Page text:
As shared services teams start thinking about 2018 budgets and plans, they need to start by understanding what work they should prioritize next year. While each team and each company have different weaknesses they will want to shore up, shared services teams consistently struggle the most with planning for, evaluating, and using technology to make shared services more valuable, according to CEB data. This weakness holds true across industries, geographies, and the maturity level of the function.
One often overlooked way to get more out of technology is to improve governance. This is the processes that ensure a team or even entire company get the most out of technology as efficiently as possible. Senior shared service managers tend to overlook their own governance processes because they rely too heavily on IT to lead the way. But they can’t sit back and wait for IT to tell them what to do in a time when 75% of technological innovations today are being initiated in the line and outside of IT’s control.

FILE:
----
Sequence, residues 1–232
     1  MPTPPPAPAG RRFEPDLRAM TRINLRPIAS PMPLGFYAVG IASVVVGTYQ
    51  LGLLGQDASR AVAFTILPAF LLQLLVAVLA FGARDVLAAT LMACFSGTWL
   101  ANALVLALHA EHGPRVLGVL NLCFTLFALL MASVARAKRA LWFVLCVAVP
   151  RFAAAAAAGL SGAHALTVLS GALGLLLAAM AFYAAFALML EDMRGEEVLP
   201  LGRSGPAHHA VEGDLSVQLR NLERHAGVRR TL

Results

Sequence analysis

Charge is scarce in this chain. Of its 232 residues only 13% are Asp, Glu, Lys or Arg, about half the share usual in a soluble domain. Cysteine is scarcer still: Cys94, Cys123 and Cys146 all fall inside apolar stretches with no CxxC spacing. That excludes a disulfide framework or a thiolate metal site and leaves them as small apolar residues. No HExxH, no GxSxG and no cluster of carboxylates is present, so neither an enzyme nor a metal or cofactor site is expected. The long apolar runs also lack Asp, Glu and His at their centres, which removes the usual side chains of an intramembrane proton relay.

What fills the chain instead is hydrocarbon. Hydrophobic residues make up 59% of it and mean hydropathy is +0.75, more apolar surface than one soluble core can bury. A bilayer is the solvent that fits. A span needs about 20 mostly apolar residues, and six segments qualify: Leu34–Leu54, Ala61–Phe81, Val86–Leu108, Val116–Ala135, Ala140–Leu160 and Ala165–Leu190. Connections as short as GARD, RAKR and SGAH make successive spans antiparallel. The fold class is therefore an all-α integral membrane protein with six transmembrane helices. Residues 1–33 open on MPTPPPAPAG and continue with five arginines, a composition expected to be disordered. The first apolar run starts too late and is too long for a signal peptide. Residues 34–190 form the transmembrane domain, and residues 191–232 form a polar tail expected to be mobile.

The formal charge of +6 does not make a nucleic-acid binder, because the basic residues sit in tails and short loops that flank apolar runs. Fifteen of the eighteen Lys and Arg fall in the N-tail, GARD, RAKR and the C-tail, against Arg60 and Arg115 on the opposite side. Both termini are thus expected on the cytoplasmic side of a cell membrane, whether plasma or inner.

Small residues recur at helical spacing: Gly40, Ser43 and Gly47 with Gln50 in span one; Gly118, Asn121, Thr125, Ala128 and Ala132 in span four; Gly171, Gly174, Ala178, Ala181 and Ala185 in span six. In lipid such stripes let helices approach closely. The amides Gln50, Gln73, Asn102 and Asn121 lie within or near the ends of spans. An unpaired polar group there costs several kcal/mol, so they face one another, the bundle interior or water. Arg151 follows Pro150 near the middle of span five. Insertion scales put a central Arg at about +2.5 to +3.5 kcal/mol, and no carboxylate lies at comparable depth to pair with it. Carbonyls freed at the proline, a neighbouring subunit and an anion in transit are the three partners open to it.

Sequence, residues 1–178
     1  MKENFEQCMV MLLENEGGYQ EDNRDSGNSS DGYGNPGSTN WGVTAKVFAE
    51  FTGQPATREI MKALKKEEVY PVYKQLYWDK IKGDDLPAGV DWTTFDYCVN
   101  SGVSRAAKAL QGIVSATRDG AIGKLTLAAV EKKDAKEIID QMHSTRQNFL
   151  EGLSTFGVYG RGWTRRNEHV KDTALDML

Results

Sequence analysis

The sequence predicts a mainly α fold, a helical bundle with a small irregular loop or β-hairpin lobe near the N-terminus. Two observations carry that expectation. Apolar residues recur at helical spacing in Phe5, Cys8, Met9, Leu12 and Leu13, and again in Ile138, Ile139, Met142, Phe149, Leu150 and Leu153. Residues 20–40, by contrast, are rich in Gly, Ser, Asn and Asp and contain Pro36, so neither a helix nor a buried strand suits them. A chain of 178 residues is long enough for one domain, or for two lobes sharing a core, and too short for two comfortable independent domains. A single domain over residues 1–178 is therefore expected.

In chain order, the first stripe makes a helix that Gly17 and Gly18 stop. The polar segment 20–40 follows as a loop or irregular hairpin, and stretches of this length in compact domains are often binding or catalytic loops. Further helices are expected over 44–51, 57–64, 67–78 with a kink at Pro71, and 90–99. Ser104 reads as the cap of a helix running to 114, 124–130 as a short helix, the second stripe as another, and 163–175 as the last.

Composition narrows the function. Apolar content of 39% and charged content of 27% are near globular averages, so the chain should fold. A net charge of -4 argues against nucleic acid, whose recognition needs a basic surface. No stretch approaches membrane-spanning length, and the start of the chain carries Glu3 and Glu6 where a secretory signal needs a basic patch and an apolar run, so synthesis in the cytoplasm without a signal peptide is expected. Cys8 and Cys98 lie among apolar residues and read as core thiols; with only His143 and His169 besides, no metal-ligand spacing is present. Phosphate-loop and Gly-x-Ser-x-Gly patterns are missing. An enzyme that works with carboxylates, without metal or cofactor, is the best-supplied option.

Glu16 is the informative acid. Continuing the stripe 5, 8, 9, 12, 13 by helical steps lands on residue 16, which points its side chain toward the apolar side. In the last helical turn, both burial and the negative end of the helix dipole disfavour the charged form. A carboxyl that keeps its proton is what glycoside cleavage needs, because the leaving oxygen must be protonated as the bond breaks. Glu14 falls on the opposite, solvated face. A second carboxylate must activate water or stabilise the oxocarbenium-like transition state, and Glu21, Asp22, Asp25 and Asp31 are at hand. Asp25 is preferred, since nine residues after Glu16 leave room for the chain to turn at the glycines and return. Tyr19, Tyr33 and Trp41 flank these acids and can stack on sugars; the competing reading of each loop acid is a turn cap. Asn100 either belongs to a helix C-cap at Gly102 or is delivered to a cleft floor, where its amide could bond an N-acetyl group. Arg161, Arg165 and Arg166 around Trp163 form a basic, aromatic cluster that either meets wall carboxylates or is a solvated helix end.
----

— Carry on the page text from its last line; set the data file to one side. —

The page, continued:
For example, to get the fullest value from technological investments in robotics and data analytics, teams should focus first on putting good governance in place. For example, you won’t realize the full benefit of a new analytics systems investment if the right data governance framework isn’t in place (see chart 1).
Chart 1: Likelihood of realizing full value from information management and analysis Percentage of likelihood under a typical deployment pattern Source: CEB Insight IQ Diagnostic, 2011
Note: Cost estimates are for a company with an annual revenue of $8 billion.
Click chart to expand
Ultimately, before shared services staff can routinely analyze and generate insight for their internal customers using data from these technologies, managers need to have a framework for managing that data.
For example, even if shared services employees have increased access to vast data sets in various systems, there is no guarantee that the data is reliable. Without high-quality data, shared services employees will struggle to provide accurate analysis. In turn, customers won’t trust the guidance their analytic reports offer — ultimately diminishing the value that the shared services team provides to the firm that funds it.
These same principles hold true for robotics programs, after conducting initial pilots, shared services leaders need to build a structure for governing and maintaining bots in place. Without teams and dedicated roles to maintain your bots, you run the risk of losing out on potential returns on your investment.